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Alarum, and exeunt ROMANS and VOLCES, fighting. The ROMANS are beaten back to their Trenches. Reenter MARCIUS.
Mar. All the contagion of the south light on you,
Against the wind a mile! You souls of geese,
With flight and agued fear! Mend, and charge home,
Another Alarum. The VOLCES and ROMANS re-enter, and the Fight is renewed. The VOLCES retire into CORIOLI, and MARCIUS follows them to the Gates. So, now the gates are ope:-Now prove good seconds: 'Tis for the followers fortune widens them,
Not for the fliers: mark me, and do the like.
[He enters the Gates and is shut in.
1 Sol. Fool-hardiness! not I.
Slain, sir, doubtless.
Lart. What is become of Marcius?
O noble fellow!
Who, sensible, outdares his senseless sword,
And, when it bows, stands up! Thou art left, Marcius:
A carbuncle entire, as big as thou art,
Were not so rich a jewel. Thou wast a soldier
Only in strokes; but, with thy grim looks, and
Re-enter MARCIUS, bleeding, assaulted by the Enemy.
1 Sol. Lart.
Let's fetch him off, or make remain alike.
[They fight, and all enter the City.
Within the Town. A Street.
Enter certain ROMANS, with Spoils.
1 Rom. This I will carry to Rome.
2 Rom. And I this.
3 Rom. A murrain on't! I took this for silver.
[Alarum continues still afar off.
Enter MARCIUS and TITUS LARTIUS, with a Trumpet.
Worthy sir, thou bleed'st;
Thy exercise hath been too violent for
A second course of fight.
Sir, praise me not:
My work hath yet not warm'd me: Fare you well.
The blood I drop is rather physical
Than dangerous to me: To Aufidius thus
Lart. Now the fair goddess, Fortune, Fall deep in love with thee; and her great charms Misguide thy opposers' swords! Bold gentleman, Prosperity be thy page!
Mar. Thy friend no less
Than those she placeth highest! So farewell.
Go, sound thy trumpet in the market place;
SCENE VI. Near the Camp of COMINIUS.
Enter COMINIUS and Forces, retreating.
Com. Breathe you, my friends; well fought, we are come off
Like Romans, neither foolish in our stands,
Nor cowardly in retire: believe me, sirs,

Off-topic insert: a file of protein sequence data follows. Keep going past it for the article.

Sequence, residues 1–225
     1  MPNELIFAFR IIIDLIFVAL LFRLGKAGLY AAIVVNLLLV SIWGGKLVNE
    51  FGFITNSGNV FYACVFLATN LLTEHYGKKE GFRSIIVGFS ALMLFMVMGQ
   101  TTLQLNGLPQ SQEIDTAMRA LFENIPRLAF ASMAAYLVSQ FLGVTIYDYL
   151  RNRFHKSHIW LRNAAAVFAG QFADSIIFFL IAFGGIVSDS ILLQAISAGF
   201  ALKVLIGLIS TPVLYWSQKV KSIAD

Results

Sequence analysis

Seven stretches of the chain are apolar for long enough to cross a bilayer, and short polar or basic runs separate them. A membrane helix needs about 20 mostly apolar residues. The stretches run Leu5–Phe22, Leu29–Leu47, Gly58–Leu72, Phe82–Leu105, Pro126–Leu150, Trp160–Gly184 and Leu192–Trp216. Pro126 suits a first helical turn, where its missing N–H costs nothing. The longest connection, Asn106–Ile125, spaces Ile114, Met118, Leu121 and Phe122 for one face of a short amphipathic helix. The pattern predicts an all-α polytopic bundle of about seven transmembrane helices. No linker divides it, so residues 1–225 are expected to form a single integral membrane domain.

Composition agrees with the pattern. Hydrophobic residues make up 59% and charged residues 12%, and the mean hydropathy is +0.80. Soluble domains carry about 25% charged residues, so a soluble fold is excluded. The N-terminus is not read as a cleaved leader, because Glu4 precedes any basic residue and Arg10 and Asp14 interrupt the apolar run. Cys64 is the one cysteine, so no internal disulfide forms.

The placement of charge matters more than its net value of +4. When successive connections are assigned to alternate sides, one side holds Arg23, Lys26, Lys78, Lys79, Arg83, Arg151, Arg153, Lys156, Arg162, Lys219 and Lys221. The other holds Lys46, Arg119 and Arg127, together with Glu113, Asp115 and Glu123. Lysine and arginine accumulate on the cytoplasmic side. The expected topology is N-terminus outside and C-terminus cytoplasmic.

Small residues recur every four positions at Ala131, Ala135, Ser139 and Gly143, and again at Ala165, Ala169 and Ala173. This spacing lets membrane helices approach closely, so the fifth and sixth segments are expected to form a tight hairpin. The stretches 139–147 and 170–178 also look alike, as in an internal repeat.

We shall be charg'd again. Whiles we have struck, By interims, and conveying gusts, we have heard The charges of our friends :-The Roman gods, Lead their successes as we wish our own;
That both our powers, with smiling fronts encountering,
May give you thankful sacrifice!-Thy news?
Though thou speak'st truth, Methinks, thou speak'st not well. How long is't since? Mess. Ábove an hour, my lord.
Com. "Tis not a mile; briefly we heard their drums: How couldst thou in a mile confound an hour,
And bring thy news so late?
That does appear as he were flay'd? O gods!
Come I too late?
Com. The shepherd knows not thunder from a tabor, More than I know the sound of Marcius' tongue,
From every meaner man's.
Come I too late?
Com. Ay, if you come not in the blood of others,
How is't with Titus Lartius?
Flower of warriors,
Mar. As with a man busied about decrees:
Condemning some to death, and some to exile;
Even like a fawning greyhound in the leash,
To let him slip at will.
Where is that slave,
But how prevail'd you?
We have at disadvantage fought, and did
Mar. How lies their battle? Know you on which
As I guess, Marcius,
Their bands in the vaward are the Antiates,
I do beseech you,
By the blood we have shed together, by the vows
Filling the air with swords advanc'd, and darts,
Though I could wish
Those are they
If any think, brave death outweighs bad life,
Wave thus, [Waving his Hand] to express his disposi-
[tion, [They all shout, and wave their Swords; take him up in their Arms, and cast up their Caps.
O me, alone! Make you a sword of me?
March on, my fellows: